‘No One Loves Dick Whitman’

I have nothing of substance on my mind today, but there are plenty of little things I’d like to ramble about. Let’s not call this a linkdump, because that sounds gross. Instead, let’s go with ‘here are some interesting things you may find interesting as well.’ I think that flows better, anyway.

— Mad Men is back. I’m sure if you’re a fan you’ve already noticed. If you were online at 9 p.m. Sunday night I’d imagine you also figured it out.

Season Five’s two-hour premiere was actually the first episode I’ve watched live as it airs. I started watching the first season on DVD during its long hiatus and caught up shortly after Season Four hit store shelves on DVD.

It’s one of my favorite television shows and, based on Sunday night, plenty of people seem to agree. There have been a lot of stories, recaps and power rankings out there about Mad Men’s return if two hours of Draper and Co. wasn’t enough to get your fix.

Newsweek’s Eleanor Clift has a very interesting look at the show and how it relates to her own career with the magazine, which put the show on its cover.

After that you have an AV Club interview with Jon Hamm which was quite endearing. Don’t forget, the guy used to be a commenter on Deadspin and hates Kim Kardashian. Talk about hitting it out of the park.

If you’re in the mood for something heavier, you could print out this Los Angeles Review of Books piece and murder someone with it if dropped from a second floor balcony.

— Over the last week I’ve read the first Hunger Games book, then saw the movie and started reading the second one. Call it work research. In any case, I have decidedly mixed reviews of both. It’s essentially The Running Man Jr., like those plays they put on in middle school where they took out all the good stuff. I know plenty of people adore the books, and I’m not here to rain on anyone’s parade, but I was a bit let down overall.

I’ll be brief, but the major elements of the books — hunger and games death are things I’ve seen done elsewhere and much better. It’s young adult material, sure, but the agony of starvation seen in The Road or the ‘holy crap did that just happen’ effect of Catch 22 has always stuck with me as I read other books.

Perhaps that’s unfair. Also, maybe it’s unfair that I read this and can’t shake the difficulty for those oppressed to act, or even believe in, some sort of rebellion. Knowing that environment, that lack of hope exists on this planet right now really changes the way you read dystopian future aimed at children.

I’m fascinated by the cultural impact of the series, however, but maybe it’s just the three years of marketing doing all that work and nothing more. Sigh. Moving on…

— I’m not a huge fan of mobile video games, but I’ve enjoyed my brief foray into Draw Something. Corey and I talked about it on our most recent podcast, but one of the things I like about it is that it’s a cooperative game. Both parties are interested in winning, and often how well you know the person you’re playing determines how much fun you have.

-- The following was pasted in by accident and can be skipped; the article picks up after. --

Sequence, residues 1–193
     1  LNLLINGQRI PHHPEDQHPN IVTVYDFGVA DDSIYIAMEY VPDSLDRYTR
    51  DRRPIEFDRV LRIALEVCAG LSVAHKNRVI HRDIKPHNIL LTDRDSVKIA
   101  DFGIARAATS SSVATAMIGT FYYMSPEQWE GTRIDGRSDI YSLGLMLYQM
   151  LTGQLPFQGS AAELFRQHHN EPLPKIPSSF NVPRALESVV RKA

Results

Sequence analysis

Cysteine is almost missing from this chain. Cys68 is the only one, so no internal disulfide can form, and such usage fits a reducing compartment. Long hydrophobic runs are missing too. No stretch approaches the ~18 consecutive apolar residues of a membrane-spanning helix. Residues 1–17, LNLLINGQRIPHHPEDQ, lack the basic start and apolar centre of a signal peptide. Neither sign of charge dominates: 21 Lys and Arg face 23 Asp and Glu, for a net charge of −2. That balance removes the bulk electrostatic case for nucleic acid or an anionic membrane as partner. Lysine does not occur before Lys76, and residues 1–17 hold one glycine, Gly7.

I’m a terrible artist with fat fingers and I’ve had a lot of fun drawing awful Miley Cyruses and Tumblr logos. The iPhone app is a bit clunky at times, but I’m sure ‘_____ With Friends’ conglomerate Zynga’s recent purchase of its maker will give the platform a kick in the right direction. Those monsters.

Admittedly I’m not a very big fan of paying for applications on my phone. I’ve actually purchased one: the MLB At Bat app that let me watch Red Sox games on it last season. This year, full access to that comes ‘free’ with my MLB.tv subscription.

Still, I’ve got $20-something in iTunes giftcards sitting around and I may spring for English Country Tune, which The New Yorker calls “ridiculously difficult.” Somehow, that sounds worth five bucks.

Also, there’s a ton of hype surrounding the new Angry Birds Space game, which is actually quite fun. The weird ways they use gravity and the space setting is different and makes for some interesting levels. But hey, a lot of freaking people have downloaded this game. They certainly don’t need my help to sell it.

— If you really need something else to read, this piece about hitmakers in the music industry from The New Yorker is a great, horrifying read. Those type of ‘how the sausage gets made’ pieces are always interesting, and this one is very well done. You’ll hate the subject and feel sorry for her at the same time, which is the perfect way to feel about an unhappy millionaire.

One Comment

  1. Mike

    If you’re interested in the agony of starvation done well in film, you might want to check out Jennifer Lawrence’s performance in Winter’s Bone if you haven’t done so already. You get to see a young woman go through a whole lot of unpleasant things because she has no other option if she wants to feed her family, a portion of which is actually imposing the unpleasantness on her. Great performance that netted her an Oscar nomination.